A Cotswold Year - Charting the seasons in the South Cotswolds


Wednesday, 1 April 2020

Isolation in the Cotswolds


2020 has brought Coronavirus which has meant that the Government has asked us to self isolate. We have been in lockdown here in the UK now for over a week.

Thankfully our government has allowed one walk a day from home so that everyone can get some exercise. Living where we do in the South Cotswolds we are very lucky with plenty of footpaths crisis crossing the countryside. Hence we have been able to walk every day and enjoy the countryside as it wakes up and Spring arrives after what has been a particularly wet winter.

This collage show the Beech woodland near Uley which yesterday was sunny and green with Wild Garlic leaves which will soon have their white flowers too.  Bluebells are starting to bloom as are Primroses, Wood anemones, Celandines, Violets and Ground Ivy

The fourth photo shows the Wild Chives which we have noticed on the edge of the roads and fields this year for the first time. We wonder if these were introduced by the Romans as it is known that they lived in this area many years ago.



Tuesday, 18 February 2020

Views of muddy fields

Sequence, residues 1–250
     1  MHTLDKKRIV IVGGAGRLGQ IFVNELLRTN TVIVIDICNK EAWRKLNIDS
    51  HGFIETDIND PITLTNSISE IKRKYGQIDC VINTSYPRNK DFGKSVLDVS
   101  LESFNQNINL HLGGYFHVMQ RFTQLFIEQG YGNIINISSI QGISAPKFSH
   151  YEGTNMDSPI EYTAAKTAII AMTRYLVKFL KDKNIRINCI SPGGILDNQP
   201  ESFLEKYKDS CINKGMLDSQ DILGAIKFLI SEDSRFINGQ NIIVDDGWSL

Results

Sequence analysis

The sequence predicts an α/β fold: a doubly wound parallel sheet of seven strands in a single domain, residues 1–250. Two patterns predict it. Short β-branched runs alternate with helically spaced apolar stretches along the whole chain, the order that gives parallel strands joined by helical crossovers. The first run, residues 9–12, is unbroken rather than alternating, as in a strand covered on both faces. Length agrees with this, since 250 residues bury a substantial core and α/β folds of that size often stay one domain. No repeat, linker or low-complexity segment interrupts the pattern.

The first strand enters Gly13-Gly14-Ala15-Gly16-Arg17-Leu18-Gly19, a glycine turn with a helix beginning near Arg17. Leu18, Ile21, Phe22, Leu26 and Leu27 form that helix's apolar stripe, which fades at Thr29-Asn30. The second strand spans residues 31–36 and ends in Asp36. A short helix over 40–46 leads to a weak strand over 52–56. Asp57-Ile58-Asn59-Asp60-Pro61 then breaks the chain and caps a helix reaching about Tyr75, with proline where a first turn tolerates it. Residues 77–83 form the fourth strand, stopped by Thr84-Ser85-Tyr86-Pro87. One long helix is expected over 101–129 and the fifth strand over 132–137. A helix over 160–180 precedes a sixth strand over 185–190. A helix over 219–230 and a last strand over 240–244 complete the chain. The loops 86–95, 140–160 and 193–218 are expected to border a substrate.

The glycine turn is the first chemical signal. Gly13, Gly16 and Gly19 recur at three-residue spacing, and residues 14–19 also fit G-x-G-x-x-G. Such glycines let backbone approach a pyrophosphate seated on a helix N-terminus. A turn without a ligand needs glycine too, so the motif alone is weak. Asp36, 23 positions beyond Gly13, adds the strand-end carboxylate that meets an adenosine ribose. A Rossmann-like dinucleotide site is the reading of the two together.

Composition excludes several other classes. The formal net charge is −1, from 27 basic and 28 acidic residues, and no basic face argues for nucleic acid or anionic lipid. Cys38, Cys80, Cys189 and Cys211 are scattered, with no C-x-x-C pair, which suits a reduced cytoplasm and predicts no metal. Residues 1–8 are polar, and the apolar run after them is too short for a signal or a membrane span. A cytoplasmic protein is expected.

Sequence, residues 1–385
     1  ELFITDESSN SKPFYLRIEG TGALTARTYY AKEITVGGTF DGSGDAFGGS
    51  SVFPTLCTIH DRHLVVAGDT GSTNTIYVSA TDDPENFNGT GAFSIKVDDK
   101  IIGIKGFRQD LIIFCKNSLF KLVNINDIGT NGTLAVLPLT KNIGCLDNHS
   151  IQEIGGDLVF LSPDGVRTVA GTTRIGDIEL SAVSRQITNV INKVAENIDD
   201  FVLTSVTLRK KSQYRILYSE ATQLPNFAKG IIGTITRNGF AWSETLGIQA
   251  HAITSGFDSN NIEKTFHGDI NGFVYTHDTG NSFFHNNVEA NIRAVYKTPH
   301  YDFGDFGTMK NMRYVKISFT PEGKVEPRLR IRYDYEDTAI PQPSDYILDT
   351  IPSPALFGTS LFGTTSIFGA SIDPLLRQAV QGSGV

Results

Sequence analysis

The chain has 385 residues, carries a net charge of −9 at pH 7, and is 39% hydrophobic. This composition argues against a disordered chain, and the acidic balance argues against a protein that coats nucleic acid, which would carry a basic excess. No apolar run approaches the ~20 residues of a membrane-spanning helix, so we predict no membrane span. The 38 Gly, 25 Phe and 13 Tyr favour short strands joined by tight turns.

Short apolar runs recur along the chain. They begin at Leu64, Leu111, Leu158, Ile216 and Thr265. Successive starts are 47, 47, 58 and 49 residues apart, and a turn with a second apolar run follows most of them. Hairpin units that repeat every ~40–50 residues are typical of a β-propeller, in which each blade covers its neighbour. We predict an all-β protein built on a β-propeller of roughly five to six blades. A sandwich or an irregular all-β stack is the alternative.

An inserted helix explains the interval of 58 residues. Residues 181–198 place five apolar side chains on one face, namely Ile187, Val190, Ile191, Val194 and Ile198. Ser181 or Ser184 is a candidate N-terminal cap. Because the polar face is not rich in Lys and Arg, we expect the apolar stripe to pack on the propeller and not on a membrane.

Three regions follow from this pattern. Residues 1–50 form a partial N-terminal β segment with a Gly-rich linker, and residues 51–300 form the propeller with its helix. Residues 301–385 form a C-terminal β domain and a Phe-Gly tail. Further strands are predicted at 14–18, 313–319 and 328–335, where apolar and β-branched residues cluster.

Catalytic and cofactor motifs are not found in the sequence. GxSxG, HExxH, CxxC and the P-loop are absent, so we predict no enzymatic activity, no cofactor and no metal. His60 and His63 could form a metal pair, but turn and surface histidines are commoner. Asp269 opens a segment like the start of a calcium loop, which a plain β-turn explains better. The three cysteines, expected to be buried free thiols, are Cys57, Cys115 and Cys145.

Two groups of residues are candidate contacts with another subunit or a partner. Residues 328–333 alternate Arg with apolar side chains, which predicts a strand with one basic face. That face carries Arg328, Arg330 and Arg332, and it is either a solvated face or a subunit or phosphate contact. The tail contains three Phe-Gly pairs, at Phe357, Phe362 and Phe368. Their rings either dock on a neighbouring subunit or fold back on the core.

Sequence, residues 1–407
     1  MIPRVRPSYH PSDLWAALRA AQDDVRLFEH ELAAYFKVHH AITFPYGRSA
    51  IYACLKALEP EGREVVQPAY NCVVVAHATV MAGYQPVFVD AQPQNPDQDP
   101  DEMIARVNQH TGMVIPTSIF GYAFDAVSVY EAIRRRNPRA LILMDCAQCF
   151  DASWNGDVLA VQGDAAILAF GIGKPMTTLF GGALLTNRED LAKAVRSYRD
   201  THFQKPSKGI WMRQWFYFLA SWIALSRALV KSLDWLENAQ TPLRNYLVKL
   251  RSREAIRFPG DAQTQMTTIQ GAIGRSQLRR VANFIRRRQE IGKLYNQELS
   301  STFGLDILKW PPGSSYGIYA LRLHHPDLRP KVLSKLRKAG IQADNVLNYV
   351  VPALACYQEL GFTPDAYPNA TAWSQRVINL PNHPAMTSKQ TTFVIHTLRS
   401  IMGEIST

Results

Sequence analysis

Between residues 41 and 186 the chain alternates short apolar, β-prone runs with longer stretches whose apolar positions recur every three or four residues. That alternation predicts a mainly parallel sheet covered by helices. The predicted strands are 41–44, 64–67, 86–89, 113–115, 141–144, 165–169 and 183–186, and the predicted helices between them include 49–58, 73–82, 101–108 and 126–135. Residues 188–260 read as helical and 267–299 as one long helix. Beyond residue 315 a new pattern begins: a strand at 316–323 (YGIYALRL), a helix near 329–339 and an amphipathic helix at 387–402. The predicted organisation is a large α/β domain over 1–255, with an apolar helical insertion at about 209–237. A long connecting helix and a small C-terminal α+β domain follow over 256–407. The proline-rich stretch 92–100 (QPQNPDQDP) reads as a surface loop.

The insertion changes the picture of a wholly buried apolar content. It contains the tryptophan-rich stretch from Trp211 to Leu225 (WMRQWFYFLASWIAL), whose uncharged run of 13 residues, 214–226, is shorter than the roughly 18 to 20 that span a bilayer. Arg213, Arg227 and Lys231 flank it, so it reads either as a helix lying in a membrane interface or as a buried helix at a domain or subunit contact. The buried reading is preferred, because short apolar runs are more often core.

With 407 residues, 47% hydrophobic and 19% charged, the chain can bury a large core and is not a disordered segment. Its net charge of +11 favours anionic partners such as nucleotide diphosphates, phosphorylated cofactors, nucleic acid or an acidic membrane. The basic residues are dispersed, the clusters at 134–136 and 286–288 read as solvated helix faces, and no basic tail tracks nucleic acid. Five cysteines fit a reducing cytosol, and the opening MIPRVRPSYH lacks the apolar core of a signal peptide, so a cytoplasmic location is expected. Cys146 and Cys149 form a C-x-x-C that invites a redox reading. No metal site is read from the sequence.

Heavy rain over a long period this winter has left the ground saturated with water but mild temperatures mean that there are plenty  of signs that Spring is coming as can be seen by the wood garlic pushing up from the woodland floor.


Saturday, 15 February 2020

Valentine’s Day

Yesterday morning being Valentine’s Day we decided a trip out was in order to visit NT Newark Park a delightful little historic house near Wotton-under-Edge. 


The Snowdrops were beautiful and we enjoyed wandering in the garden and even sat in the sunshine to enjoy our cup of coffee. Don’t miss a fascinating guided visit to see the ancient kitchens if you visit.   See details here https://www.nationaltrust.org.uk/newark-park

Friday, 10 January 2020

Hazel Catkins




Signs of Spring are popping up all around us due we are told, to the mild winter weather. Snowdrops and catkins aren’t particularly early here though, if you compare our previous entries and years on the blog. We suspect the amount of daylight has a significant effect also.